Tree and Forest Measurement / Location, area and type of forest
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Location, area and type of forest

The location of a forest can be marked on a farm plan or topographic map. Making a note of the map coordinates, or even the longitude and latitude, may be a requirement for joint ventures etc. The centre of the forest, a prominent corner or other referencing point may be used.

Where the forest includes areas of different species, age classes, soil types or performance, the areas may be separated into homogenous units so as to facilitate ease of forest measurement. This stratification makes the results more useful and accurate, and may even reduce the costs of any sampling procedure.

It is often crucial to obtain an accurate assessment of each forest block area. This is because most assessments of timber volume involve the measurement of a sample of trees rather than the whole stand. The results from the sample are multiplied out on the basis of the calculated net or stocked area of each block. Errors in area assessment can result in large errors in timber volumes.

To calculate the area, an accurate map of the forest boundary is required. The boundary might be defined by the location of tree trunks, the extent of the tree canopies or by the paddock boundaries. Maps can be based on field measurements of the length and bearings of every side of the plantation but this is often very time consuming. It may be easier to identify each block on a topographic map. This can be done using GPS data collected at each corner. If aerial photographs are available that show the boundaries of the forest, these can save time, although it may be necessary to make corrections for slope or photographic distortions.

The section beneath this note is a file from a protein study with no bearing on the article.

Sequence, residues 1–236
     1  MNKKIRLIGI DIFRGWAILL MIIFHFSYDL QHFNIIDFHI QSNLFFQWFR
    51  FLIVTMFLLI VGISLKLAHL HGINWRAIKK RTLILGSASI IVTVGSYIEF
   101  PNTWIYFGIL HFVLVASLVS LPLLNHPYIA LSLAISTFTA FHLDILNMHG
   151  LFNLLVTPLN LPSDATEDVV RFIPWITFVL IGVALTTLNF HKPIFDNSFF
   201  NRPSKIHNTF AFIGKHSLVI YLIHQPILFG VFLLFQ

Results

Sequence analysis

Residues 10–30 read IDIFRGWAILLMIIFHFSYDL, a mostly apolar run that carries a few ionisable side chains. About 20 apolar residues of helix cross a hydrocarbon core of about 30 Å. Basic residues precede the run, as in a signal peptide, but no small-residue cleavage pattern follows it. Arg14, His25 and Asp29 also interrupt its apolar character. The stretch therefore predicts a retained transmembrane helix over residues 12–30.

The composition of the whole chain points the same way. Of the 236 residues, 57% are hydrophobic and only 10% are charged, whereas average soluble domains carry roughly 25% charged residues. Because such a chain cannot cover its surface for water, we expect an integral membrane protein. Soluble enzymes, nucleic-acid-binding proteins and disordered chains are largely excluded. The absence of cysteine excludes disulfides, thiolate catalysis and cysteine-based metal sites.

Once calibrated for scale, many computer programs can generate areas of irregular shapes very quickly. Dot matrices or fine grids copied onto clear plastic sheets are useful for manually estimating the area of irregular shapes on farm plans, aerial photographs or topographic maps. For narrow belts it may be more practical to simply measure the length of belt rather than try and determine the effective area of the planting. Results may then be presented in terms of yield per 100m of belt rather than yield per hectare.

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